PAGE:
Tuesday, January 15, 2008

Stressing the other

Stressing the other : "The experience was excruciating, an needless act of emotional abuse where kindness would have required little effort. It was also, I suppose, no more and no less cruel than thousands of such encounters that occur every day in the health service, not just with technicians, but with doctors, clerks, or just about anyone with degree of power to exercise and who lacks insight—whether for a passing moment or a whole lifetime—into what it feels like to be the other. We all have our explanations for such behaviour. They include multiple failings at the collective level: in the department, the hospital, the health service, and the nation. We also have our own preferred prescriptions for the problem, such as better pay and conditions, improved team morale, enhanced training, attractive incentives, consumer choice, becoming a more compassionate society, and so on and so forth.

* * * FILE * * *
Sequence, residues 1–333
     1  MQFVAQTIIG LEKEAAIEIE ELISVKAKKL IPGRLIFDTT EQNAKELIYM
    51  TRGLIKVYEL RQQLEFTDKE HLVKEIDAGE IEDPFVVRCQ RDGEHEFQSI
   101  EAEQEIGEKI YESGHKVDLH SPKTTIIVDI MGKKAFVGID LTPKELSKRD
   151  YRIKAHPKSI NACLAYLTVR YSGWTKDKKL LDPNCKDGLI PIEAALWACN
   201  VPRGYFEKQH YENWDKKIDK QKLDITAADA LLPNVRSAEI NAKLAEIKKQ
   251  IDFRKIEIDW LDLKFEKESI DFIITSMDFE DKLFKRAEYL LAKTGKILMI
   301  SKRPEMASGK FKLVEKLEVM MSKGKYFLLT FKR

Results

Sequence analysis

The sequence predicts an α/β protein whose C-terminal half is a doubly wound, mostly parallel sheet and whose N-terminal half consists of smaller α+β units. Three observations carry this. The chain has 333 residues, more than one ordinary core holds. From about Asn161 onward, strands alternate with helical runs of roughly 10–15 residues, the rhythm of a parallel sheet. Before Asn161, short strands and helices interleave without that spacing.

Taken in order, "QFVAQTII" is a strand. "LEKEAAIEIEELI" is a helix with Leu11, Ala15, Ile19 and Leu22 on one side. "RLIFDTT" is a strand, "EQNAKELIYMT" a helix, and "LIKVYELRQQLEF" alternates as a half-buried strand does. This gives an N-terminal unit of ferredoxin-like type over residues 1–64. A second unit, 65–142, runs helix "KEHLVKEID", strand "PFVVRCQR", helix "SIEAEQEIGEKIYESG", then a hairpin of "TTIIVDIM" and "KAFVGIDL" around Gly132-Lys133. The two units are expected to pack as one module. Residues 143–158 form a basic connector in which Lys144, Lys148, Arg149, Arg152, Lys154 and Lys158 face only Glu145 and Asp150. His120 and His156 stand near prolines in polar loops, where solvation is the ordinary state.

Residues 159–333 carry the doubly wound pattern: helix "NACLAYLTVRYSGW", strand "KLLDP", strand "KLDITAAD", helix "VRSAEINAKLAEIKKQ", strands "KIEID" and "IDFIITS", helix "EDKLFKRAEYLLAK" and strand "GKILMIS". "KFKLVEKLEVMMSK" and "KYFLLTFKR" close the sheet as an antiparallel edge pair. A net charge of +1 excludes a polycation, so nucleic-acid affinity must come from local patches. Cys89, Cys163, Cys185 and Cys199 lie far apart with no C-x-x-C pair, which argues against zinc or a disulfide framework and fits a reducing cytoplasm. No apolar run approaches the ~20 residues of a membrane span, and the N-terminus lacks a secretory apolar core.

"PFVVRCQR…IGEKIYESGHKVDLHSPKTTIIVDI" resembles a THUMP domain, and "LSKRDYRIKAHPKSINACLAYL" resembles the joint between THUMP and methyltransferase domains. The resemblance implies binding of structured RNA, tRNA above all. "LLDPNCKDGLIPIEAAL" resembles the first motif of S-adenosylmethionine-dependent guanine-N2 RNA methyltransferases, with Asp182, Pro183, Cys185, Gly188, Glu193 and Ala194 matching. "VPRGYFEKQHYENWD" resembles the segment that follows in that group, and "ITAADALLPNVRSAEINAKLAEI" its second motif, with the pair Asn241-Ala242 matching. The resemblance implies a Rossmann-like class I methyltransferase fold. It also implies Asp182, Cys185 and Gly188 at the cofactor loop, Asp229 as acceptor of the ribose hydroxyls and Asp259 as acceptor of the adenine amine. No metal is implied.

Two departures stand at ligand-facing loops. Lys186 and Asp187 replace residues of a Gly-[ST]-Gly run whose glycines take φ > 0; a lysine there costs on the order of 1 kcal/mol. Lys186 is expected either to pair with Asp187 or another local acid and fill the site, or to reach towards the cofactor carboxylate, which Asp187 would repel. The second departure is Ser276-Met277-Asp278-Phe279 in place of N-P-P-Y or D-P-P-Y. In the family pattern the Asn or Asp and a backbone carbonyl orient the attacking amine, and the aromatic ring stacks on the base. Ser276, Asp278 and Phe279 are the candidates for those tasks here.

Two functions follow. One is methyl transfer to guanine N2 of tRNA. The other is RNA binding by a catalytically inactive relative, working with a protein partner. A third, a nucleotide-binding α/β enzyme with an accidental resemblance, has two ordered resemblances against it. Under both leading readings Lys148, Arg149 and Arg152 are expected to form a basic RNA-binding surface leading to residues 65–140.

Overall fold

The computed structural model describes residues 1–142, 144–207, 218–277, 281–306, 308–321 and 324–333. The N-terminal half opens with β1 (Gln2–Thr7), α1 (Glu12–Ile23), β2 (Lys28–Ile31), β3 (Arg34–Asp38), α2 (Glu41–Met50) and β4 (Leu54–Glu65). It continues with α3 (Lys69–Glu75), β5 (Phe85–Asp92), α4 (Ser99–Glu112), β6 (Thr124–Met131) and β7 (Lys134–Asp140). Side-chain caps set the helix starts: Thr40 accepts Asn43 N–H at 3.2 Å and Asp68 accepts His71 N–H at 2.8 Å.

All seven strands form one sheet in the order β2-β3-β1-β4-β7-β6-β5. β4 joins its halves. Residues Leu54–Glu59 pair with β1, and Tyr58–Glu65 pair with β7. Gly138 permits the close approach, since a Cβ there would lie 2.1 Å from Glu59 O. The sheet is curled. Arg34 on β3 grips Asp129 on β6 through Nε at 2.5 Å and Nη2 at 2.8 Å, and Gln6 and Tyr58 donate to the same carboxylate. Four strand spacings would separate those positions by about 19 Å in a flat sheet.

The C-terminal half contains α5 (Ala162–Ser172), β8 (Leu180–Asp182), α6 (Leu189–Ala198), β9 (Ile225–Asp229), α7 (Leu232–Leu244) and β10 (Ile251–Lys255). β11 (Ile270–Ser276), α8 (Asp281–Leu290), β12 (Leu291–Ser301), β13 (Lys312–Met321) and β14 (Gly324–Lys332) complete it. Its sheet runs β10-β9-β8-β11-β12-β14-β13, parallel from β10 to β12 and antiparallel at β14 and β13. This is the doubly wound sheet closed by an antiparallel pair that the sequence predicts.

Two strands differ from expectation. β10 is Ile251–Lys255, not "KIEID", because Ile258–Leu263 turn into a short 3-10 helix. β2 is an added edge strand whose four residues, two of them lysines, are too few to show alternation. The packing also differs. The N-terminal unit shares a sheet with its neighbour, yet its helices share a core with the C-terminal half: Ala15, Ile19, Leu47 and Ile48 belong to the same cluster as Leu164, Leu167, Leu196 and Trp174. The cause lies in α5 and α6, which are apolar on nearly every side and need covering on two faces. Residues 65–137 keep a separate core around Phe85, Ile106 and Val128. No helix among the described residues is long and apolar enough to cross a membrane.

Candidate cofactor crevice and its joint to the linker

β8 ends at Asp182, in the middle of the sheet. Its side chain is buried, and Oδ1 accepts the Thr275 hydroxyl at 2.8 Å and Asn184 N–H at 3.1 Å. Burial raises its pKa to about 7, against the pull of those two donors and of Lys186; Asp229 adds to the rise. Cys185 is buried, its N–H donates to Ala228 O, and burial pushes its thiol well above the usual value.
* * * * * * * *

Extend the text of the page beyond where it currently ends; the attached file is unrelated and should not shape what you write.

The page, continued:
The philosopher Martin Buber taught that we all live with a two-fold attitude, which he called the ‘I-It’ attitude and the ‘I-Thou’ attitude. ‘If I face a human being as my Thou’ he argued, ‘he is not a thing among things, and does not consist of things’. In the same corridor as the ECG technician, there is a secretary who is outstandingly helpful, although presumably she shares many of the same work conditions as the technician. I know her name, her direct line and her email address. She always remembers my name, what I do, who I am seeing and why. When I contact her, she seems to operate from the premise that my request is going to be reasonable and that she will try her utmost to make sure it is met. I believe she treats everyone else in the same way. Without the active will, and the moral choice, of people like her, I suspect that all the well-meant interventions of politicians, managers and educators to improve the way patients are treated will subside into mere noise. Or to put it in Buber's words: ‘All true living is meeting.

Nurses and paramedical workers play such a key role in humanising the medical care patients receive. How can we teach them to be more empathetic ?

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